Why small businesses stay small

A power culture is crucial for startups, but you can’t scale when power is concentrated. Things break because, at scale, owner-managers can’t decide everything in real time. To scale without breaking you need a role culture with devolved expertise and power.

Letting go of that control is a huge emotional leap for entrepreneurs. It requires the maturity — and humility — to recognise that you are not always the smartest person in the room. It requires personal growth before financial growth. It requires being honest about your own limitations.

Some small business owners accept these limitations and plough a profitable niche. Some entrepreneurs level up and bring in professionals to manage phase two of growth.

And, sadly, some do neither and are stuck in the middle: overtrading while infrastructure buckles.

If you are depending on a company like this for all or part of your competitive advantage, the prudent strategy is to find alternatives. Because pride will invariably come before a fall.

Why things never get done

Have you ever been in a meeting when it becomes apparent that all anyone in the room is going to do is describe problems? People around a table will compete to describe things in increasingly obfuscatory language until others recognise in that language terms they have heard before, from sources that they hold credible. They then reassure themselves that the right language is being used around the problem.

Everyone goes away happy. Six months later, when nothing has been achieved, more language will be found. But at some point, people are going to start asking: why hasn’t anything been done about this?

It’s one of three things: time, money or risk. The first two are easy to solve and easy to explain. There isn’t time to achieve this. OK, fine. We don’t have the budget. OK, fine. No one argues with that. If people want something badly enough they will always find more time or more budget. So that is not why things don’t get done.

The real problem is aversion to risk. It generally goes unspoken because people don’t want to admit they are afraid. But the truth is, people don’t want to expose themselves to the risk of (a) failure and (depending on the neurosis level in play) (b) being seen as an imposter. Therefore they will say things instead of doing things. They will say things that sound like they are doing things.

Every time we endeavour, we run the risk of failure. So what? Literally the worst that can happen is you learn how not to do something next time. You fail and you get to play again with better information. Failing — because you acted — takes you a whole lot closer to success than sitting around finding words.

This process is broken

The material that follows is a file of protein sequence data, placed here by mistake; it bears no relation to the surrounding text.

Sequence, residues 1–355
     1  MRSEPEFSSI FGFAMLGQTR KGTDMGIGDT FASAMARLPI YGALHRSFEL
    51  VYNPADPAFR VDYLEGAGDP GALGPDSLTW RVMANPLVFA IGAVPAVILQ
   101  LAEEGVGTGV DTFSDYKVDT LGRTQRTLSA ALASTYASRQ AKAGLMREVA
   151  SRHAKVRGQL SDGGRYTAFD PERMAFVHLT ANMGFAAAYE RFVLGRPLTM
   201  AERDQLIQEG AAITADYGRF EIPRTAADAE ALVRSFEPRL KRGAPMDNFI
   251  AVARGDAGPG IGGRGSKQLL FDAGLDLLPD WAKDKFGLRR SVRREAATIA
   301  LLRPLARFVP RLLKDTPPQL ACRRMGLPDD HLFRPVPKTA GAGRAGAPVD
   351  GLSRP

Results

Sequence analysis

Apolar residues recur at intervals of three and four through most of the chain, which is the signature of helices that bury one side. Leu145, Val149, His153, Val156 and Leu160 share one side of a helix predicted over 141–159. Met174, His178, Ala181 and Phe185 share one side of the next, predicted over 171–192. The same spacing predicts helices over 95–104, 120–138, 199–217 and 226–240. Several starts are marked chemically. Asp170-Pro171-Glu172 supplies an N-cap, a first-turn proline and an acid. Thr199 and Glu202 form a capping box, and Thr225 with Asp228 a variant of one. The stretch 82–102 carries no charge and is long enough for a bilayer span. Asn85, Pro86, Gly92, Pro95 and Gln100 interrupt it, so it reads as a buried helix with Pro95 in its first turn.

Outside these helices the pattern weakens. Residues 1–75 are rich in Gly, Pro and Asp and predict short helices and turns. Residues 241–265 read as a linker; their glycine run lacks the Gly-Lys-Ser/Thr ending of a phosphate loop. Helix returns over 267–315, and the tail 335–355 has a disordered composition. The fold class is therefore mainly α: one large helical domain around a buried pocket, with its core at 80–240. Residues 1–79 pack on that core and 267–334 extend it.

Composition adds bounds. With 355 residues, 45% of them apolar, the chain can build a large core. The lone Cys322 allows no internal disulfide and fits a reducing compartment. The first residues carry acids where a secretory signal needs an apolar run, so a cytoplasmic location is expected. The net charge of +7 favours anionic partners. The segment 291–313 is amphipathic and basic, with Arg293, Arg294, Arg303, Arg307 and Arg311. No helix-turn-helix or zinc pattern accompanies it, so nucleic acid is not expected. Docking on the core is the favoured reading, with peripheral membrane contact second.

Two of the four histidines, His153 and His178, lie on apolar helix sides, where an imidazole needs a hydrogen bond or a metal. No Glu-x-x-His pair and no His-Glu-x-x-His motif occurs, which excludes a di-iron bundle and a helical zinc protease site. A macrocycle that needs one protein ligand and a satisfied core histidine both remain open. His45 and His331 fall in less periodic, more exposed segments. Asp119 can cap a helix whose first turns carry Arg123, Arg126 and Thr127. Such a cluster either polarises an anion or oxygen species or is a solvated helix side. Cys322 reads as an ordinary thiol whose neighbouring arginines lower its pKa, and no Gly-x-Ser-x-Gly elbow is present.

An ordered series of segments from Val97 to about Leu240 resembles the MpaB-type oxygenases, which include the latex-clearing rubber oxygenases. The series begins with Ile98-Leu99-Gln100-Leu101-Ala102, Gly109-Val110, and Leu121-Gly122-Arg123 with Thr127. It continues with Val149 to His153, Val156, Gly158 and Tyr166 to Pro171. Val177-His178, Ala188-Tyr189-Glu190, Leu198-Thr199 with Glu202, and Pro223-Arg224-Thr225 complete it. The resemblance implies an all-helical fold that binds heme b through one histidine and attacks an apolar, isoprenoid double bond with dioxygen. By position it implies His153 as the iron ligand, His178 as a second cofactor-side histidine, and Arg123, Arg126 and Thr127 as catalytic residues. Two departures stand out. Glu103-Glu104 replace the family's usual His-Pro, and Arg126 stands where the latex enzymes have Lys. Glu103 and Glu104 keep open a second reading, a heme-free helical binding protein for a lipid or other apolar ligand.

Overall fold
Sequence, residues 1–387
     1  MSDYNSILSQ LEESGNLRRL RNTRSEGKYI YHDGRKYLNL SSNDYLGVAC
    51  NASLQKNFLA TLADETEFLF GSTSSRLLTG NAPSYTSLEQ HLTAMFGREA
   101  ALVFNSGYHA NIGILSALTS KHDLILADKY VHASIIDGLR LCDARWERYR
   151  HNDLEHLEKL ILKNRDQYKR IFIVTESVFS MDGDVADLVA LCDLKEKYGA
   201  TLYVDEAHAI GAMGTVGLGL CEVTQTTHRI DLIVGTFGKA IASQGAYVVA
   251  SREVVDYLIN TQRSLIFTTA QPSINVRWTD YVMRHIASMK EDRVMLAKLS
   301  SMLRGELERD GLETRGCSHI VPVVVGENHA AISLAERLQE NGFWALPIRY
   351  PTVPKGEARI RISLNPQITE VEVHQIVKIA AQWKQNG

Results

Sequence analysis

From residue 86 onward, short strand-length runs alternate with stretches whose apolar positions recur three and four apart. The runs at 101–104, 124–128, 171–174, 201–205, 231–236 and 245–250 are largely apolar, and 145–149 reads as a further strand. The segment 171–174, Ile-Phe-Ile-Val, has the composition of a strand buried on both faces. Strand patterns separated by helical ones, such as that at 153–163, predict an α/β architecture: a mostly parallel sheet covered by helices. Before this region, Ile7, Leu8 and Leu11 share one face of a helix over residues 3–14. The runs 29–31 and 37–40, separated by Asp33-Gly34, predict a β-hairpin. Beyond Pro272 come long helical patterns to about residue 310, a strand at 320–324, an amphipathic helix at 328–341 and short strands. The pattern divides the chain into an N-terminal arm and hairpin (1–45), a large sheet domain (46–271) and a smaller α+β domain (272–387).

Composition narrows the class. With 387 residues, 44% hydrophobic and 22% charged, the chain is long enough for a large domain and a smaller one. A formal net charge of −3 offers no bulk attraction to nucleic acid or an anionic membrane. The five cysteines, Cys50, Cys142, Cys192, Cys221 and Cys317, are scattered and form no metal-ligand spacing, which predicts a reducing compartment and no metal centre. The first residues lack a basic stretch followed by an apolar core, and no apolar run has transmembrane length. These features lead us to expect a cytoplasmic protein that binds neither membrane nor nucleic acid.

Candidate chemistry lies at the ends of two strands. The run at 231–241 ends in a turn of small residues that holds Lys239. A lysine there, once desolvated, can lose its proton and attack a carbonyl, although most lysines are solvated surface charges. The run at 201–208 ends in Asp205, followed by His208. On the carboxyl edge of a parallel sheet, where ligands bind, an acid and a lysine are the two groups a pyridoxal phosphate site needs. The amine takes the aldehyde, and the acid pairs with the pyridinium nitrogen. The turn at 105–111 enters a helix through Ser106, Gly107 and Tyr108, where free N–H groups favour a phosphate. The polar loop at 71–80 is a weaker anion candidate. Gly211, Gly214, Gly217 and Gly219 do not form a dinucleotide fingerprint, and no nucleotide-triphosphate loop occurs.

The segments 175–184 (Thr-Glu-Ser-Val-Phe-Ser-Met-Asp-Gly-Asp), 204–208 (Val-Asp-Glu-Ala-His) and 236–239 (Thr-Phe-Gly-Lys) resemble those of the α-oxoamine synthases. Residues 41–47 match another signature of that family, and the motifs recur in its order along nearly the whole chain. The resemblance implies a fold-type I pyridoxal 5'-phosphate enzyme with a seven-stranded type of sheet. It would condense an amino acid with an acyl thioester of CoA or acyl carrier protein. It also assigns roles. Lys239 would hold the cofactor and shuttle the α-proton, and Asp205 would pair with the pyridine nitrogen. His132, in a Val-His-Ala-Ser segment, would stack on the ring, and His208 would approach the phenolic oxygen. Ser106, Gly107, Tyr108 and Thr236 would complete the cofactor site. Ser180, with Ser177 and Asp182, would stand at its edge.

Process 1. Diagnosis — Broken

  • You’re in Starbucks.
  • You order your coffee.
  • They ask you your first name.
  • Reluctantly you give it (OK, I confess I always say my first name is Mr Customer).
  • The barista writes your name on the cup and passes the cup down the production line.
  • You wait.
  • Finally Barista Number 2 puts a cup down on the counter and calls out “Double espresso?”
  • And eight people say “Yeah, me!”


Process 2. Diagnosis — Broken

  • You’re in McDonalds.
  • You use the machine to place your order.
  • You pay and it spits out an order number.
  • You go and look at the screen.
  • Your order number is being prepared.
  • Now your order number is ready to collect.
  • “Quarterpounder with cheese?” calls the McDonalds worker.
  • And eight people go: “Yeah, me!”

Guys, why are you doing things?
In every organisation there are multiple processes just like this.
Show up, ask yourself questions. Make changes. Live better.


Quality is a feeling

The great irony about quality is that, as soon as someone asks you to conform to a benchmark, they are forcing a product that is by definition generic.

That leaves the space open for someone to compete with something genuinely outstanding.

Quality is why the mega-budget Hollywood production falls off the abyss while the indie flick from left field, shot on super 8, catches everyone’s hearts.

Quality is the passion you have, the care you take, the finesse you demonstrate. Not the hoop you jump through. Quality is what you bring, not what someone takes away.

Quality isn’t a number, quality is a feeling. Quality is yours and quality is portable: you can take it with you when you go.

Why serious freelances avoid online “marketplaces”

The best freelances are not on Upwork. Or Hopwork. Or Bipwork. Or Bopwork.

There’s a reason you went into business for yourself and it wasn’t to give away your margin, your terms, brand equity, story and client relationship to someone else. If you want to hang around passively waiting for the call so that someone else can decide your worth, get a job already.

But you knew that, so you’ll be as excited as I am by the latest news from the world of joyless commodity “freelancing”. The merged entity Elance-oDesk, the world’s number one place to source generic work for very little, has rebranded as Upwork. The rebadging is tacit admission that there was zero equity worth keeping in either brand. That’s amusing in itself.